Who is eligible to apply for an IWMF reporting fellowship?
- Affiliated or freelance women journalists currently working full time in the news media, with three (3) or more years of professional experience. Internships do not count toward professional experience.
- Women journalists of all nationalities are welcome to apply.
- Non-native English speakers must have excellent written and verbal English skills in order to fully participate in and benefit from the program.
- Applicant must be able to show proof of interest from an editor or have a proven track record of publication in prominent media outlets.
Before submitting an application, journalists are encouraged to review the application criteria and guidelines.
What is the application process?
To participate in a Fellowship, each applicant must submit a trip-specific application. Applications will be made accessible online, with a formal call for applications posted to the IWMF website.
The online application asks for the following:
- Basic personal information
- Work samples
- A statement of interest including detailed story pitches
- A plan for publication
- A letter of support from an editor or a proven track record of publication
Before submitting an application, journalists are encouraged to review the application criteria and guidelines, which includes a complete sample application.
Can journalists apply for multiple trips?
For each application cycle, applicants must choose one reporting trip to apply for.
Are there are citizenship restrictions?
Reporting fellowships are open to women journalists of all nationalities.
How long is each reporting fellowship?
Reporting Fellowships are about 11 days each. They begin with four (4) days of hostile environments and first aid training (HEFAT), followed by at least eight (8) days of independent and group reporting in the messaged base location.
Each Fellowship is different: please read the trip specific call for applications for more details.
What is the structure of the reporting fellowship?
All Fellows selected for a reporting trip will participate together in three (3) days of hostile environments and first aid training (HEFAT). This training will take place in a location messaged in the call for applications: frequent sites include Nairobi or Kampala. From the HEFAT site, Fellows will travel as a group to their reporting base location to begin independent and group work on their stories.
The IWMF will hire local fixers and drivers to help Fellows schedule meetings, organize interviews, arrange logistics, and accompany them on the ground. During the reporting trip, Fellows will share resources, and will travel most days with at least one (1) other Fellow. Reporting trips Groups typically consist of six (6) Fellows and two (2) IWMF staff members. For each group, the IWMF typically provides three (3) in-country fixers and three (3) drivers; journalists are expected to share the resources provided. In advance of each trip, IWMF staff works with fixers to coordinate reporting priorities.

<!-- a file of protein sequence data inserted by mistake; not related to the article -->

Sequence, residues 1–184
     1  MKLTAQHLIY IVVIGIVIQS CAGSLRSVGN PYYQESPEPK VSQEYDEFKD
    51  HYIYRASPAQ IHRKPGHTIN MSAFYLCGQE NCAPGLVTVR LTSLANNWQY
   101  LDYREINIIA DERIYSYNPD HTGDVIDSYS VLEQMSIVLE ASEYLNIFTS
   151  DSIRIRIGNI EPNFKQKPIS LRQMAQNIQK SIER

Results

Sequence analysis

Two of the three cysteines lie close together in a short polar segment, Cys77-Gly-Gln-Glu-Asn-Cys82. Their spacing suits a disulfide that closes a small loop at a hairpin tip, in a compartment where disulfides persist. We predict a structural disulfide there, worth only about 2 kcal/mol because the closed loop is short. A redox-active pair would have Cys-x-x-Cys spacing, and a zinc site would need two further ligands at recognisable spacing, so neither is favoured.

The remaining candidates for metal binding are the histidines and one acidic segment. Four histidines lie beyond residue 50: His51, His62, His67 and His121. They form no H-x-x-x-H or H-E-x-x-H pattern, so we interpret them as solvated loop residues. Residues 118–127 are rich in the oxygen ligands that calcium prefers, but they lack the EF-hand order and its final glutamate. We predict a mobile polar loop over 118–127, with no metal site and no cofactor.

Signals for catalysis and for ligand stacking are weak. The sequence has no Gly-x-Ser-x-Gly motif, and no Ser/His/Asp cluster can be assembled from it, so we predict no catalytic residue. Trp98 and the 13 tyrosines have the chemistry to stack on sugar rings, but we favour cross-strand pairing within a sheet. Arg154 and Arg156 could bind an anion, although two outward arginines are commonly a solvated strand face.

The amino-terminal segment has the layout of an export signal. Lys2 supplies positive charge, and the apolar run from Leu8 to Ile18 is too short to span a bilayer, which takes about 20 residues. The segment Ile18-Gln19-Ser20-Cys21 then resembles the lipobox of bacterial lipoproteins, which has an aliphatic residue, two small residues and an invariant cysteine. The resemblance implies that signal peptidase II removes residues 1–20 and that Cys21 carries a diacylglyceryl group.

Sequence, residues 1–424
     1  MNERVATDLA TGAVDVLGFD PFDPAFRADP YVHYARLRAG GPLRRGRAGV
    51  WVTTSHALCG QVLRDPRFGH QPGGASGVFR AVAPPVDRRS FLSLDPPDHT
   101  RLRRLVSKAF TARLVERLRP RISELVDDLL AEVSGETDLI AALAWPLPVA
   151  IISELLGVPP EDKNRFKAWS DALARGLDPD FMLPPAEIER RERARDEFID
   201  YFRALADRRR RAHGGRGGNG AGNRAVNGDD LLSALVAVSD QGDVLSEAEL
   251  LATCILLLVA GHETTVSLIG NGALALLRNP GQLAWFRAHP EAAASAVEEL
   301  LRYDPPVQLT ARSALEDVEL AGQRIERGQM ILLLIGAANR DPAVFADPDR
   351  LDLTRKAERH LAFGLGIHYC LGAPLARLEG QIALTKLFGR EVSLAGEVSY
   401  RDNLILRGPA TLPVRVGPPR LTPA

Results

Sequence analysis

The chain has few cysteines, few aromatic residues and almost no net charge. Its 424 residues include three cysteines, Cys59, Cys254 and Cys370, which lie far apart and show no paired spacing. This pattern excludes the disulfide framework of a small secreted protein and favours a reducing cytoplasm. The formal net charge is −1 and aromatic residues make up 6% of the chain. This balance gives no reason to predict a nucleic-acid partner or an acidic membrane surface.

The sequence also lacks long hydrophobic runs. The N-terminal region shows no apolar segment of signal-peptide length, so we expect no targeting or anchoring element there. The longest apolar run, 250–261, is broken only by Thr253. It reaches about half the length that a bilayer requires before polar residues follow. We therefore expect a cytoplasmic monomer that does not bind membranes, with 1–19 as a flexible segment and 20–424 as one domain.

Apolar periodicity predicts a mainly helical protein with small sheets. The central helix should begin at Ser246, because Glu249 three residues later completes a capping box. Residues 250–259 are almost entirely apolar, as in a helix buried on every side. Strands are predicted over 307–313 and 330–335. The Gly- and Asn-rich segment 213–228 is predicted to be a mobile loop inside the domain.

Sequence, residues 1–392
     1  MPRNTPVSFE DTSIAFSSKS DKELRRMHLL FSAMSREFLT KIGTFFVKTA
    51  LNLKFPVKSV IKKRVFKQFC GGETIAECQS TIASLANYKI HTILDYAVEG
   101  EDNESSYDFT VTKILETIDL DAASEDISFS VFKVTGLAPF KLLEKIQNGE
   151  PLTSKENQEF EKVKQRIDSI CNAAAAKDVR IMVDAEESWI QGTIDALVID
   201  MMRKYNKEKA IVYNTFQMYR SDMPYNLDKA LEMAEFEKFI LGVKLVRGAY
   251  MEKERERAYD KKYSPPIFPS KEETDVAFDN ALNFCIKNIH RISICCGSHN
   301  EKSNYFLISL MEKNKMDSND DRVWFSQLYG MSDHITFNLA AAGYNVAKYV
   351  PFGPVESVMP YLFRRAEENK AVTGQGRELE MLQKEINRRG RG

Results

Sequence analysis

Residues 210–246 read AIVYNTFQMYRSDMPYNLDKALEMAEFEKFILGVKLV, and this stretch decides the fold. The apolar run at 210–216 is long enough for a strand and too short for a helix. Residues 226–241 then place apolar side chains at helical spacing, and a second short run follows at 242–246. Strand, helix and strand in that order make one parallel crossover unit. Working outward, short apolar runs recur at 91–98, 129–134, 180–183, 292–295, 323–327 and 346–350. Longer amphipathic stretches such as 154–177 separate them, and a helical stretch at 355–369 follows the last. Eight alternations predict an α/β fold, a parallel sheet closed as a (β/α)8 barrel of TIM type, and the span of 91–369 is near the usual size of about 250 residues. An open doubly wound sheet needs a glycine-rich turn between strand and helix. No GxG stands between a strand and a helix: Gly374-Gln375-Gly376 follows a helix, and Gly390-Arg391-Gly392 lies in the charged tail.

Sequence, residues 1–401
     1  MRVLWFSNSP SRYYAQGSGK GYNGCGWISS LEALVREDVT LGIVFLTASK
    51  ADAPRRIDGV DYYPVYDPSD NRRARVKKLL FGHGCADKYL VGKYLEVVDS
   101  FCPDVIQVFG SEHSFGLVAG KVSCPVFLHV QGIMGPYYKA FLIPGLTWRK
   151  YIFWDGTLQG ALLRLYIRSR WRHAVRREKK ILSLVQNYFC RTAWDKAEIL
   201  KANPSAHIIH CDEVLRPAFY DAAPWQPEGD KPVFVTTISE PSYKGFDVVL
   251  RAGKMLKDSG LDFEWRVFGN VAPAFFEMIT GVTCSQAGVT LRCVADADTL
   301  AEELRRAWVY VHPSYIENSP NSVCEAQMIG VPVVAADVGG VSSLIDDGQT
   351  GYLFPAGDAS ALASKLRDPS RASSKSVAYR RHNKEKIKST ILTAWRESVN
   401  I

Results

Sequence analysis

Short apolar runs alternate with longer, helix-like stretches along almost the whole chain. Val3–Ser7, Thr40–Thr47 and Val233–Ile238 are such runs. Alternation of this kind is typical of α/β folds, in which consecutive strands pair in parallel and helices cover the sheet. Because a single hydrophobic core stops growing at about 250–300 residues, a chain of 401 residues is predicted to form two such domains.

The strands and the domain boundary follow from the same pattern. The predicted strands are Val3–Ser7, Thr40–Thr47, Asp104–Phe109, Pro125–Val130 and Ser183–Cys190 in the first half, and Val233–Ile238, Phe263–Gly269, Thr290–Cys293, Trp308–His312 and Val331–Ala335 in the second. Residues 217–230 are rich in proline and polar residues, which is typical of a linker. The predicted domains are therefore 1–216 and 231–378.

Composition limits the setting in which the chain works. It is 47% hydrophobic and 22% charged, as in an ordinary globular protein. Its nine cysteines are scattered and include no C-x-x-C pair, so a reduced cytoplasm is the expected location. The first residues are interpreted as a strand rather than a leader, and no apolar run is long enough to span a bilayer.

Highlights from IWMF Reporting Fellowships can be seen on our blog.
Where will fellows be based during the trip?
At the front end of each reporting trip, Fellows will participate in Hostile environments and first aid training (HEFAT). This training will take place in a location messaged in the trip specific call for applications: either Nairobi or Kampala.
Fellows will then travel to a base city in their trip country, determined by IWMF staff in advance and messaged in the trip call for applications. Journalists should pitch stories that can be reported in and around the base camp location. Travel beyond the base location will be considered on a case-by-case basis.
What expenses does the IWMF cover?
The IWMF covers Fellowship-related costs within the framework of the reporting trip location and dates, including travel, lodging, meals, and fixers/interpreters, unless a selected journalist’s news organization wishes to assume these costs. Visa costs will also be covered. Fellows living outside the U.S. are responsible for procuring all necessary visas, for which they will be reimbursed at the conclusion of the Fellowship.
What types of stories are produced during reporting fellowships?
Each Fellowship will have a reporting theme, which will be messaged in the trip specific call for applications. Journalists are expected to pitch stories that fall within the theme of the reporting trip for which they are applying. Themes are purposely broad, to include a wide variety of stories and angles.
Journalists selected for a Fellowship are expected to pursue the stories they pitched in their application. The coverage of new and under-reported narratives is a cornerstone of the Great Lakes program. Applicants who pitch stories that diverge from the traditional themes of conflict and humanitarian crisis, and who focus on new and in-depth perspectives, will have a greater likelihood of selection.Reporting themes include economic and rural development, conservation and conflict, democracy and governance, civic engagement, food security, and the impact of aid.
Where are reporting fellows’ stories published and produced?
Reporting fellows’ stories have been published and aired by a wide variety of leading media outlets. Fellows produce stories for the media outlet(s) of their choice. The IWMF does not hold intellectual property rights or exercise editorial control over work produced by reporting Fellows. Journalists are expected to produce at least one story from the reporting trip, to credit the IWMF for supporting the story when it is aired or published, and to share published work with the IWMF.
How is the initiative funded?
The initiative is made possible by a four-year, $5 million grant from the Howard G. Buffett Foundation.